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Wednesday, 18 March 2009 20:15

Uplifted by the flight of birds

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Lately, I’ve been writing a lot about birds. I guess I have them on my mind, in part, because the spring migration season is underway. I heard my first Louisiana waterthrush (a warbler) of the year this past Sunday morning. But then again, birds are always on my mind summer, fall, and winter, too. And I’m not alone. Each week that I write about birds, I receive at least 10 emails from readers who share their bird observations and insights with me. Here we go again.

I’ve always supposed that we’re fascinated by birds because they are attractive, often beautiful. And they can sing and fly. Unlike me, many of you who are reading this can actually sing. So you will not be as awe-struck by that capability as I am. But my guess is that few of you can fly.

Just how bird flight evolved has been hotly debated in academic circles. For what it’s worth, I suspect that those who maintain that bird life evolved from ancient dinosaurs are going to prevail. Their case has been strengthened in recent years by a team of researchers from the Chinese Academy of Geological Sciences. The team unearthed a juvenile dromaeosaur dating back 130 million years, which proved to be the first dinosaur discovered with a body covering apparently consisting of fossilized feathers and down.

Bird flight has no doubt come a ways since those long-ago days when dromaeosaurs were flapping around trying their best to become airborne. As we can readily observe on a daily basis, many modern species have become aerial specialists.

Turkey vultures are generally underrated in this regard. They are experts at reading the thermals created as the earth warms each day. Have you ever spotted a flock of vultures riding upwards in the same thermal in a circular flight pattern? Ornithologists call that “a kettle of vultures.”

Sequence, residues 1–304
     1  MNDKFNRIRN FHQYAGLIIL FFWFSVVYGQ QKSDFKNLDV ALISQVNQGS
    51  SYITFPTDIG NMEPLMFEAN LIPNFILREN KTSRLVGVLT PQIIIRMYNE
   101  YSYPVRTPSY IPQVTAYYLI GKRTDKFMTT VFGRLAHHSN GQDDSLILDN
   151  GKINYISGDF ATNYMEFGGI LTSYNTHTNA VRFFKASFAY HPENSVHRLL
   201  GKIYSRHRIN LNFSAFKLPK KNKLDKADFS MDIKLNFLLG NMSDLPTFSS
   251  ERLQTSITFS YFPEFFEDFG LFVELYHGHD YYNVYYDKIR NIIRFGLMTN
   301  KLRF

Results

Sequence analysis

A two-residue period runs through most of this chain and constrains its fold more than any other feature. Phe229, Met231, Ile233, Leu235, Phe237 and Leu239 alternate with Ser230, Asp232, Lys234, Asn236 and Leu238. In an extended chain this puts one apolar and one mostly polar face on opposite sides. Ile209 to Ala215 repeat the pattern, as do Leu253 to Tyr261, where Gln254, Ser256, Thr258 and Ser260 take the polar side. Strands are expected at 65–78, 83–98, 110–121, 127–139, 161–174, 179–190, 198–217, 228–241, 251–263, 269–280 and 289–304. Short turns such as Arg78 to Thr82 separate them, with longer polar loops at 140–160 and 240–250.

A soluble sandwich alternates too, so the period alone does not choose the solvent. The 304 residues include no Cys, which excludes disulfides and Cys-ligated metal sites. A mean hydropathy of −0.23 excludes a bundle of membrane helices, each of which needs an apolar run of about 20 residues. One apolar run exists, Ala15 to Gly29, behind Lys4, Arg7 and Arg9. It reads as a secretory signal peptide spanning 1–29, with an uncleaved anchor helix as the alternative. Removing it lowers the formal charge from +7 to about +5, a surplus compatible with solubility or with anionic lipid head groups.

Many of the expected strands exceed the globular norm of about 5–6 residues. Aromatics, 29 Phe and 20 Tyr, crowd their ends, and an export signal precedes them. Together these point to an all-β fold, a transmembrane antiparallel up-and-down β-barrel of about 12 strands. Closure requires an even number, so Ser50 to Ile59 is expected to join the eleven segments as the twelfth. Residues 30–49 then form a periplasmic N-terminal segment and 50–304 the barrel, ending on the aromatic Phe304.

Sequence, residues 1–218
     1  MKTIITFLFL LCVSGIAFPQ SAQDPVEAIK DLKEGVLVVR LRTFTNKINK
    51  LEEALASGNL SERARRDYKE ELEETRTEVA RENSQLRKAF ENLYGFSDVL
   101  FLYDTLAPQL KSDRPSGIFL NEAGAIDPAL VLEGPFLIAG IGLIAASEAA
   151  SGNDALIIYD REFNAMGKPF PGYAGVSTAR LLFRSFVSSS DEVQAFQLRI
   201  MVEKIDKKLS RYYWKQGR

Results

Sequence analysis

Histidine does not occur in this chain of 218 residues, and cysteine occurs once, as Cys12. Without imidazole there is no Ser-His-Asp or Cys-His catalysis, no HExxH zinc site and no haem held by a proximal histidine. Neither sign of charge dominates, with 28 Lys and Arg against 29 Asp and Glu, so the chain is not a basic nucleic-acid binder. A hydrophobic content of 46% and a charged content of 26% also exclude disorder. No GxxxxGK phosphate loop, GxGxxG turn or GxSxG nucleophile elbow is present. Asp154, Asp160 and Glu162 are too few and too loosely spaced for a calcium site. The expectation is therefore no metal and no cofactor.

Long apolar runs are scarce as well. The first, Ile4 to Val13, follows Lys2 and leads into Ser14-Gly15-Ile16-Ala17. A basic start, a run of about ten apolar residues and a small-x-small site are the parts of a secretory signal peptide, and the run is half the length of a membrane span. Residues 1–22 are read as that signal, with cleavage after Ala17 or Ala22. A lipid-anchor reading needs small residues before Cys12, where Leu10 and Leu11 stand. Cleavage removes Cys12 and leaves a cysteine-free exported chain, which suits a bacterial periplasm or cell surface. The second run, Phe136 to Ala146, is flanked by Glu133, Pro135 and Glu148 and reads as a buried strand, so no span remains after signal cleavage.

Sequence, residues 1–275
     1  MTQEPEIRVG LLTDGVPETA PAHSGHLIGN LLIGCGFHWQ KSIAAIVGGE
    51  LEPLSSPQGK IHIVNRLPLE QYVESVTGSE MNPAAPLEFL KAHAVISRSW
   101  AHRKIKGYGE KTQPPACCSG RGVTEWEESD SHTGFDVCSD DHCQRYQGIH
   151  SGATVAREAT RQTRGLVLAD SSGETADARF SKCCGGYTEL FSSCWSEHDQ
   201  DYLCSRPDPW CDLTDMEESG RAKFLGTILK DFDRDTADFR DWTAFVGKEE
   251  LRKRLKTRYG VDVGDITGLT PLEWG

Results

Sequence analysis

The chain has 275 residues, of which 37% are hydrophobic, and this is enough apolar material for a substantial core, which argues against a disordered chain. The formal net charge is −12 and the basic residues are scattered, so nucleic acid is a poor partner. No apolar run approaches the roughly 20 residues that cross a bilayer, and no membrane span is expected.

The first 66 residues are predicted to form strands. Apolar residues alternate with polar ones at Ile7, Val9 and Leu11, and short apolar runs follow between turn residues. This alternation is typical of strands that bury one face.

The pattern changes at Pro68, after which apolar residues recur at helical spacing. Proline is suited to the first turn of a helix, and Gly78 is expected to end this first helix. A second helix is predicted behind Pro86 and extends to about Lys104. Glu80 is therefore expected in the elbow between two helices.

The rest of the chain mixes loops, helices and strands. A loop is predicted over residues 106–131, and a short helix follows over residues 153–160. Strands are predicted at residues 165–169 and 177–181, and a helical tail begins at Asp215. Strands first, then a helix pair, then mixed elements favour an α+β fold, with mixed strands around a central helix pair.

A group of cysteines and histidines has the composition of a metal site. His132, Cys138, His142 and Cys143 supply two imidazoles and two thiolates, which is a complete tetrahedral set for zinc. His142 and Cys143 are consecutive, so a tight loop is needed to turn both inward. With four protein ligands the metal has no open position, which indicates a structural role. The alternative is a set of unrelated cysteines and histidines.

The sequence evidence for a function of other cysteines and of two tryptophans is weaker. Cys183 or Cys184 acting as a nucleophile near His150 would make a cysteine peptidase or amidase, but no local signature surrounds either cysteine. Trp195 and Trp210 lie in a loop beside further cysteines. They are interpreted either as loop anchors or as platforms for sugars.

Think of the explosive and thereby elusive flight pattern displayed by a turkey, grouse, or bobwhite. Then there is the ungainly, yet somehow graceful, flight of a great blue heron, arising awkwardly with a croak and then leveling out in a long smooth glide.

Among raptors, the peregrine falcon is the speed king. One of the most amazing birds in the world, a peregrine feeds on other birds that it takes in mid-air with a powerful dive that may reach speeds in excess of 180 miles per hour.

Ruby-throated hummingbirds are the showboats of the bird world. Their wing beats, which stroke the air at more than 70 times a second, are often heard before one actually sees the bird. They hover, they fly backwards or vertically, and they zoom around. Then, just for the pure fun of it, they dive bomb one another.

One spring day from a high outcrop I watched a pair of ravens mating over Blue Valley near Highlands. Together, they would go so high up into the air that they looked like dark specks. Then they would plummet in tandem, making tight downward spirals, until it appeared they were going to crash into the valley floor. At the very last microsecond, they’d pull out of their dive and then do it all over again.

Another time, I was at Blue Valley watching ravens from a high overlook when one sailed by and eyed me. The first time he came back he did a full somersault. And then, just for good measure, he came by again and did a full body roll, flying for a beat or so while upside down.

“Now that’s flying,” the raven seemed to be telling me.

Barn swallows are the ballet dancers of the bird world. They bring flying to another level. I never tire of watching the patterns — intricate, endless, ever changing, and yet somehow the same — they etch against the sky.

Little wonder that the ancient Cherokees made the birds the guardians of their Upper World, the realm of peace and light and the hereafter. With their songs and with their flight patterns, the birds continue to lift our spirits every day.

George Ellison wrote the biographical introductions for the reissues of two Appalachian classics: Horace Kephart’s Our Southern Highlanders and James Mooney’s History, Myths, and Sacred Formulas of the Cherokees. In June 2005, a selection of his Back Then columns was published by The History Press in Charleston as Mountain Passages: Natural and Cultural History of Western North Carolina and the Great Smoky Mountains. Readers can contact him at P.O. Box 1262, Bryson City, N.C., 28713, or at This email address is being protected from spambots. You need JavaScript enabled to view it. .

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